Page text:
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Ukrainian president Volodymyr Zelenskiy has warned the “response will be strong” after one of his top aides survived an assassination attempt.

At least 10 bullets struck Serhiy Shefir’s car, the top aide and close personal friend of Mr Zelenskiy, outside of Kiev on Wednesday.

The driver of his black Audi was badly wounded and taken to hospital, but Mr Shefir escaped uninjured.

It is not known who carried out the shooting and the gunman is still at large.

Markers are attached next to bullet holes in a car of Serhiy Shefir, Ukrainian President Volodymyr Zelenskiy's principal aide, following an assault outside the capital Kyiv, Ukraine September 22, 2021. REUTERS/Serhii Nuzhnenko
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Markers are attached next to the bullet holes in the car of Serhiy Shefir following the attack

Mr Zelenskiy issued a warning to the attacker from New York, where he is taking part in the UN General Assembly.

He said he did not know who was responsible for the attack, but pledged “a strong response”.

“These could be internal or external forces. But I don’t consider them to be strong because sending me a ‘hello’ by firing from a forest into the automobile of my friend is weakness,” he said.

“This [attack] will not affect the strength of our team.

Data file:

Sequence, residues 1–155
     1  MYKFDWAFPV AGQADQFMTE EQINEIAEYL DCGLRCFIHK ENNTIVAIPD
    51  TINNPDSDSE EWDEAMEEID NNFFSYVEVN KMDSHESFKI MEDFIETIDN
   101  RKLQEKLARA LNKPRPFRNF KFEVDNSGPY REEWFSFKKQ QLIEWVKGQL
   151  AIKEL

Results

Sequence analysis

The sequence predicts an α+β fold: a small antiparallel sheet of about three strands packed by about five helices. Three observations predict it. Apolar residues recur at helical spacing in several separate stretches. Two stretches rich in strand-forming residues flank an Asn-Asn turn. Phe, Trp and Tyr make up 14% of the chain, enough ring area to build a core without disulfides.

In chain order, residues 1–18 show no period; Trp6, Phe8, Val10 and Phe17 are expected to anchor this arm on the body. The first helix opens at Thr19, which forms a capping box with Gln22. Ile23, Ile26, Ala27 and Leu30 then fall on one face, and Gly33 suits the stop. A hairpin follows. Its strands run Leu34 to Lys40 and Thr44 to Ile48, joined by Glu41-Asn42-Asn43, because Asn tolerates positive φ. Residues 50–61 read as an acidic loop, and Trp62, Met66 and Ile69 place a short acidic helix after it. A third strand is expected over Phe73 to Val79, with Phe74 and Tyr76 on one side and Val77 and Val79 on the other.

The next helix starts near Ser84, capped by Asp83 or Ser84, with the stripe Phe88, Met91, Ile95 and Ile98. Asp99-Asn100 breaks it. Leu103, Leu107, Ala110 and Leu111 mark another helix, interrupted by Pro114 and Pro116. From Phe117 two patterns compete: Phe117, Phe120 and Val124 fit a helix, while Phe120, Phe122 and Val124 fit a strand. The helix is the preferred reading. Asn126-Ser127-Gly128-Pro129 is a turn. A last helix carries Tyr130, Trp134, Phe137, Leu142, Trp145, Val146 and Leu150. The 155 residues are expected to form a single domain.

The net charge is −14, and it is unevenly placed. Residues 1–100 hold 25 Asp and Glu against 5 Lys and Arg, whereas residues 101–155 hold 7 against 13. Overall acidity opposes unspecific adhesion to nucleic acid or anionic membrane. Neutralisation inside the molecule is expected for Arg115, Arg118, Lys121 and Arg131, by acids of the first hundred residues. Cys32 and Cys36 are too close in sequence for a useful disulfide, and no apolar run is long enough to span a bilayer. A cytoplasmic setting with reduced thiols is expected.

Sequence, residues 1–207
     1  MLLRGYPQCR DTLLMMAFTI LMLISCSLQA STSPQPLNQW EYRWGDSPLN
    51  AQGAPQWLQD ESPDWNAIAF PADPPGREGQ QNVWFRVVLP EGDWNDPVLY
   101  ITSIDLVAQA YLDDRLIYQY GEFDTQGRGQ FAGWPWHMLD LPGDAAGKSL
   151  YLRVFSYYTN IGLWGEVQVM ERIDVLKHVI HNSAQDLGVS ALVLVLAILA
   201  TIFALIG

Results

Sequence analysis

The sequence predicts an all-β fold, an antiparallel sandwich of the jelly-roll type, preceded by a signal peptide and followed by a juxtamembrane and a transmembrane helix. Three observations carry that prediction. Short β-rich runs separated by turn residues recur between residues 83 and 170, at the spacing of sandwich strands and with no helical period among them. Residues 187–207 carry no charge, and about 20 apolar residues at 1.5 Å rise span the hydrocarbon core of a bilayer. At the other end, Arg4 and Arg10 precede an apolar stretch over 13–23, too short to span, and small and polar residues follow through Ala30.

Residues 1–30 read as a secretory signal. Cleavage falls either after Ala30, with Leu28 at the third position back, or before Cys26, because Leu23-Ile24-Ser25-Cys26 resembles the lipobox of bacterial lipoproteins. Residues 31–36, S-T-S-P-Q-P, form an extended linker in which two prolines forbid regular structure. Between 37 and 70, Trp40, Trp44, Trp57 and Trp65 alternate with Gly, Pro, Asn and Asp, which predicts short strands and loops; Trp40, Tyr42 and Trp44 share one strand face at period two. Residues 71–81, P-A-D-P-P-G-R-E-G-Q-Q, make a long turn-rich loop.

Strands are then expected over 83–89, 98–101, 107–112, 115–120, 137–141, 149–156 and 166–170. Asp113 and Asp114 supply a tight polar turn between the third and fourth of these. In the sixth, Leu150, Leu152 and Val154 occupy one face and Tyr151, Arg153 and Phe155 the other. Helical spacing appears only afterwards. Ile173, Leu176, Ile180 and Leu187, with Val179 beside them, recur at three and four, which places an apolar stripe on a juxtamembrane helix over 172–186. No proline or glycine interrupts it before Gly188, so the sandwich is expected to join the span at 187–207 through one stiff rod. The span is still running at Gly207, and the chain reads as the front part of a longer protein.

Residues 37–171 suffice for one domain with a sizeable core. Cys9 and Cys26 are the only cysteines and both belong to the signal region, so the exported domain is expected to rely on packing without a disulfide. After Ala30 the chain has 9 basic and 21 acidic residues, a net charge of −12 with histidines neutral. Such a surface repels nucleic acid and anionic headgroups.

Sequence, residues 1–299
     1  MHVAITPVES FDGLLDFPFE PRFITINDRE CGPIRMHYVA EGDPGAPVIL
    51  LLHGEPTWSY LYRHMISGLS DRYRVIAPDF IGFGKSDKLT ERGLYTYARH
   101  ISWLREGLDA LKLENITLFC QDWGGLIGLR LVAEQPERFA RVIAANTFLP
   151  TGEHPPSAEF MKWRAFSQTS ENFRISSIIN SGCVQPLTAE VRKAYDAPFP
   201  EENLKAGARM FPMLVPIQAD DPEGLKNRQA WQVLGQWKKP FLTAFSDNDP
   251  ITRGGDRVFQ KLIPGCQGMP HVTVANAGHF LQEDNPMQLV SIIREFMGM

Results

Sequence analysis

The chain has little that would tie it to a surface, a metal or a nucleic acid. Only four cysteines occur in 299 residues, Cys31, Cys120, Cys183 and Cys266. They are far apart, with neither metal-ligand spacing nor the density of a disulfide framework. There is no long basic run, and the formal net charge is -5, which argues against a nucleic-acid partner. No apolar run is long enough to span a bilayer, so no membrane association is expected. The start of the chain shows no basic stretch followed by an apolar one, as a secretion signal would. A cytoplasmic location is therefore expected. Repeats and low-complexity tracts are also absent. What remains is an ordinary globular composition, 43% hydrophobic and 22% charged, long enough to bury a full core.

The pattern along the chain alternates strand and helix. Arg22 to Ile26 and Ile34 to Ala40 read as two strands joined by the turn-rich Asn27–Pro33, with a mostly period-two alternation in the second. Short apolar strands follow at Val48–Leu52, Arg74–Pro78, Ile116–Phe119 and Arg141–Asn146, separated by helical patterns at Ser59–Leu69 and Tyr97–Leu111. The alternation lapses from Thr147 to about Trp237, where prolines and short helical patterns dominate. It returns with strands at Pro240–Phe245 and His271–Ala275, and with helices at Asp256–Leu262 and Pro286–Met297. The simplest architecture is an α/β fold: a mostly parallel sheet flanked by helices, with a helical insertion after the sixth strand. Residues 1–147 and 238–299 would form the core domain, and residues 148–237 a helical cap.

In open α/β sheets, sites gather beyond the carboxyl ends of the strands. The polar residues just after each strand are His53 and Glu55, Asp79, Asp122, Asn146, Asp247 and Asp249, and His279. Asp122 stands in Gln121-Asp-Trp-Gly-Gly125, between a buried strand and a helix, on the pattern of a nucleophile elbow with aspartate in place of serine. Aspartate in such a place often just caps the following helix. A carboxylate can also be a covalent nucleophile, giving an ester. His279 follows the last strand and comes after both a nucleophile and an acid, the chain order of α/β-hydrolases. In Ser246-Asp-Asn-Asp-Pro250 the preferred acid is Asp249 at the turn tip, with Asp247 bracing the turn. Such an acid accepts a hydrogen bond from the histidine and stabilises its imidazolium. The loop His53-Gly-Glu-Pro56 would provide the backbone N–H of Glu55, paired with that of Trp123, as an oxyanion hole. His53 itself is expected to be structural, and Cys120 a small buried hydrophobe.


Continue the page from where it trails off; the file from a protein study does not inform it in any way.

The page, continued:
“This does not affect the path toward change that I have chosen with my team, for taking our economy out of the shadows, for the fight against criminal elements with large, influential financial groups – on the contrary, because the people of Ukraine gave us a mandate for change.”

Mr Zelenskiy addressed the 76th Session of the U.N. General Assembly in New York City this week while the assassination attempt took place 12 miles south of Kiev
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Volodymyr Zelenskiy, who was in New York at the time of the attack, has pledged ‘a strong response’

Mr Shefir praised his driver for acting “heroically” by accelerating away from the gunman as the “shots rang out”.

He added: “We had to speed up a little, it was scary.”

Mr Shefir also said he believed he had been targeted in an attempt to intimidate the “highest echelon of power”, but added this would not work.

He said: “One has to understand that our president [Zelenskiy] is very strong-willed, he has a spine and cannot be intimidated.”

The Kremlin has denied any Russian involvement.

Kremlin spokesman Dmitry Peskov added any suggestion of a link with Russia showed “the signs of an excessively excited emotional state”.

He said: “Unfortunately nowadays, whatever happens in Ukraine, none of the current politicians is able to rule out the Russian trace.”

Mr Shefir praised his driver for acting "heroically" by accelerating away from the gunman
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Serhiy Shefir praised his driver for acting ‘heroically’ by accelerating away from the gunman. File pic

Ukraine has seen a huge rise in violence since its conflict with Russia began in 2014 when the Crimean peninsula was annexed.

Several military and political officers have been targeted in assassination attempts since then, with seven deaths taking place between 2016 and 2017 alone in the Ukrainian capital Kiev.

The attack came just days before Ukrainian politicians were set to debate Mr Zelenskiy’s bill on cracking down on the country’s powerful oligarchs, who dominate the economic and political landscape.

On Thursday, a day after the shooting, Ukraine’s parliament passed a law which bans oligarchs from financing political parties or taking part in privatisations.

It must now be approved by the president to come into force.